The cornea is the window at the front of the eye. In the normal eye the cornea is clear. Light is able to enter the eye through the clear cornea, pass through the clear lens to focus on the retina at the back of the eye. When the cornea is deformed or damaged from injury or disease light cannot pass freely to the retina. The picture that the retina passes to the brain is not clear and sight is reduced.
Corneal Graft = Keratoplasty
The chief function of the cornea is to help focus and transmit light. When this is interfered with by either irregularity, scarring or waterlogging and cannot be helped any more by any other treatment (either eye drops, drugs, spectacles or contact lenses) a corneal graft may be performed to:
- Improve your sight
- Alleviate your pain
- Repair a perforation (if your cornea has ruptured)
In a corneal graft operation part of your cornea is removed and replaced with a similar piece of cornea from a donor eye.
- Penetrating keratoplasty: the full thickness of the cornea is replaced
- Deep lamellar keratoplasty: the anterior/front 90% is replaced
- DSEK endothelial keratoplasty: the posterior/back endothelial layer is replaced, with the rest of the cornea untouched
Many people donate parts of their body, including their corneas in order to help others after their death. The individual, or family, consent to the use of the eyes for medical purposes after their death e.g. by carrying a donor card. The donor cornea is taken from an eye which has been removed from a person who has died.
It is usually necessary to wait for some time until a cornea in the correct condition is available. This may mean waiting for someone to die for “material” to become available.
Corneas are not taken from donors known to have infectious conditions. All donors are screened for carriers of AIDS or Hepatitis viruses before their corneas are used. The cornea is treated with antibiotic solution before being used for your operation. Unfortunately, not all conditions can be detected, and it is not possible to guarantee that the donor cornea is free from infection. The risk of CJD (brain disease) from corneal grafting is unknown. I use donor corneas from the United Kingdom Transplant Centre in Bristol, which has rigorous procedures to ensure the best quality and safest corneal tissue.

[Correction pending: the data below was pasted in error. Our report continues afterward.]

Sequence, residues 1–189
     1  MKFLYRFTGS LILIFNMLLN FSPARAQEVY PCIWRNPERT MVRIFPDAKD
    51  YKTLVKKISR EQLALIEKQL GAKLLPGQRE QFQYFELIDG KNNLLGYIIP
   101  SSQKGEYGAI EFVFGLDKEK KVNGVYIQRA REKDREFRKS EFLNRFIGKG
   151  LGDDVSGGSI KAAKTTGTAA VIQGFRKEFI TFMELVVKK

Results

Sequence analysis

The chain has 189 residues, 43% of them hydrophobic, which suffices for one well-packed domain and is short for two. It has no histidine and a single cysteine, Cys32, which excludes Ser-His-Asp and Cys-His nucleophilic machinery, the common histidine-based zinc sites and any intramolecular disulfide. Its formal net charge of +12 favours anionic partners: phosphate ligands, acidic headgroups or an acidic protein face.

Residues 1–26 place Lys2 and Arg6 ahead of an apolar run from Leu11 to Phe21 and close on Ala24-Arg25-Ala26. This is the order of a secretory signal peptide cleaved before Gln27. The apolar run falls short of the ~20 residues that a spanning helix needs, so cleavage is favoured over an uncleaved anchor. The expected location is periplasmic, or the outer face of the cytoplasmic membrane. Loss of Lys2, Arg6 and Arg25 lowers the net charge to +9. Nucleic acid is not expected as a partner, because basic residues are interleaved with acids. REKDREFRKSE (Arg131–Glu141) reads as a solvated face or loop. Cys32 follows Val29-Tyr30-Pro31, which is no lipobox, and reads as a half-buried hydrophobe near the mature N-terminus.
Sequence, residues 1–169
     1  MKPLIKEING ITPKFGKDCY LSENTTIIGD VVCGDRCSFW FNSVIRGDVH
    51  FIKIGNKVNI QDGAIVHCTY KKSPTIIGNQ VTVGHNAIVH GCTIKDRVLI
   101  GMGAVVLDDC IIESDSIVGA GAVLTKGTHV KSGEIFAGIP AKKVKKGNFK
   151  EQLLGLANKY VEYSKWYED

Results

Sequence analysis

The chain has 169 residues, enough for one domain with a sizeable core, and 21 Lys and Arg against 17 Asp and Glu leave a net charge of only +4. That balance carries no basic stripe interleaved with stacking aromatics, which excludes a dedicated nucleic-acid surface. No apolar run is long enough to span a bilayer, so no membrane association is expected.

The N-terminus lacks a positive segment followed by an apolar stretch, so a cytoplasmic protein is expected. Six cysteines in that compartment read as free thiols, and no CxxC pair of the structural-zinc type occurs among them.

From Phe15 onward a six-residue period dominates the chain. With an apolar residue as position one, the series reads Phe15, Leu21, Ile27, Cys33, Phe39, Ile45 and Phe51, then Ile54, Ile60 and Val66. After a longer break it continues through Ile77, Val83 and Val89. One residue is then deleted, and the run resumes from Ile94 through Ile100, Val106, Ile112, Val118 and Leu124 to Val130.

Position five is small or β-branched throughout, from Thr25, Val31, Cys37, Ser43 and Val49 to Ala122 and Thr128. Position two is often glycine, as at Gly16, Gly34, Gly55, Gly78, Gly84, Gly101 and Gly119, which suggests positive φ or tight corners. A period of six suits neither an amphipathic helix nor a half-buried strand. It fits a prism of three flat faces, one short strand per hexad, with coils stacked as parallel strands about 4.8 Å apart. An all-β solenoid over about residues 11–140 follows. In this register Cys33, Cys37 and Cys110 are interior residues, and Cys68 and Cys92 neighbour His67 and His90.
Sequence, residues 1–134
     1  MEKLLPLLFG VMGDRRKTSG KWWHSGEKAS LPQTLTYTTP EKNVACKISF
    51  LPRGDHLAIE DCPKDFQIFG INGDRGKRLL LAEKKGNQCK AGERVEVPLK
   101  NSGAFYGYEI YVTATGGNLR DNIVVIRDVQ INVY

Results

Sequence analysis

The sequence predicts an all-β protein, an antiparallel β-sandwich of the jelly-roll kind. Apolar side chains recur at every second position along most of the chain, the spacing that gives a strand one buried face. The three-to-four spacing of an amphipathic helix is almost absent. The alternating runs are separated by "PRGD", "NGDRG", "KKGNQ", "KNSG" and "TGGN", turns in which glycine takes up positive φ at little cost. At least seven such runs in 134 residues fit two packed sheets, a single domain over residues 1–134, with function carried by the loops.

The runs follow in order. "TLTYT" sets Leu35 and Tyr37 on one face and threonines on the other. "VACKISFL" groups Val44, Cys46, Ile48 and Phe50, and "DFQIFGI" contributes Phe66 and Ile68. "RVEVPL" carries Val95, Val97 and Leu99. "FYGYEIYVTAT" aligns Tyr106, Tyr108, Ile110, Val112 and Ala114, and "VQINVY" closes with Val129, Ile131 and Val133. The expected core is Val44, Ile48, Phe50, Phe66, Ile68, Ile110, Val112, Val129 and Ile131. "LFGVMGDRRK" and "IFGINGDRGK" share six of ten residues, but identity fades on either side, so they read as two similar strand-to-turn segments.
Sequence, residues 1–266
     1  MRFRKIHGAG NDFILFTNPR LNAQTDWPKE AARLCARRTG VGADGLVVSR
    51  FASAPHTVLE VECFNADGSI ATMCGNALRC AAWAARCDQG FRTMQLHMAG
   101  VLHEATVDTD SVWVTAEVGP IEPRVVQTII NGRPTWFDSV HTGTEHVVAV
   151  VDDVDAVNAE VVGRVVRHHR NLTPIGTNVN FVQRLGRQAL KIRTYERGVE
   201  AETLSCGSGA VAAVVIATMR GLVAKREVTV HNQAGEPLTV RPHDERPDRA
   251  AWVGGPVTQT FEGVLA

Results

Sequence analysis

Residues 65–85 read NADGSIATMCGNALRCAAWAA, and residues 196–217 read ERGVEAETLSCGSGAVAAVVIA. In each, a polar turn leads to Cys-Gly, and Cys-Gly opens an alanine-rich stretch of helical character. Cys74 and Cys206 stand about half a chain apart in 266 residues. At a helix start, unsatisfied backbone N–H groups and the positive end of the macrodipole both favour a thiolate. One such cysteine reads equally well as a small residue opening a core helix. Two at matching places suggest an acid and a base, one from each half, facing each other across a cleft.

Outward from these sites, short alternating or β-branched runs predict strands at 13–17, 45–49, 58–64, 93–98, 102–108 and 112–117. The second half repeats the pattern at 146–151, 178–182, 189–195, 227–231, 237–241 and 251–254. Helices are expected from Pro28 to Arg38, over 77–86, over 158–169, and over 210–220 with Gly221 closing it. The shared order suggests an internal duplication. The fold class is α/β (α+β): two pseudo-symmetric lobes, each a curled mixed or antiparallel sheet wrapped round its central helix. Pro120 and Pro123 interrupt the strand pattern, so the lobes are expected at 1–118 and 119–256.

Serious complications may occur following graft surgery (see Risks). Keratoplasty is a major eye operation and like all operations may be accompanied by complications including haemorrhage (bleeding in the eye) and damage to other parts of the eye. The period after the operation can be complicated by infection, rejection, glaucoma, cataract and retinal detachment, as well as other, less common complications.
The post-operative care of a corneal graft is critical to achieving the desired outcome of a clear graft with good vision. Therefore, it is essential that you keep your follow-up appointments, and seek prompt medical help should sudden or severe symptoms occur.
Eye drops are very important after the operation in preventing infection, inflammation and other complications. I may ask you to put in eye drops for 12 months or more after the operation.
Donor corneal grafts may be rejected by your body if your body recognises the foreign tissue and your immune system then tries to damage it. This is not an “all or nothing” condition, and provided it is diagnosed early enough it can usually be successfully treated. Please seek prompt medical advice if you experience one or more of the following:
- Decrease in sight
- Redness of the eye
Rejection can occur at ANY time after a corneal graft, even years later after your discharge from Outpatients. Rejections occur more often in the first year after the operation following a change of treatment, after removal of stitches, as a result of eye infection or injury.
Failure to obtain the correct treatment early can result in permanent loss of sight and the need for a repeat operation which carries a higher risk of failure than the first.
What are the chances of my graft being successful?
The success rate is good (e.g. ~90% of corneas grafted for keratoconus still clear 5 years after surgery) but it varies depending on the reason why you need a corneal graft and your general health.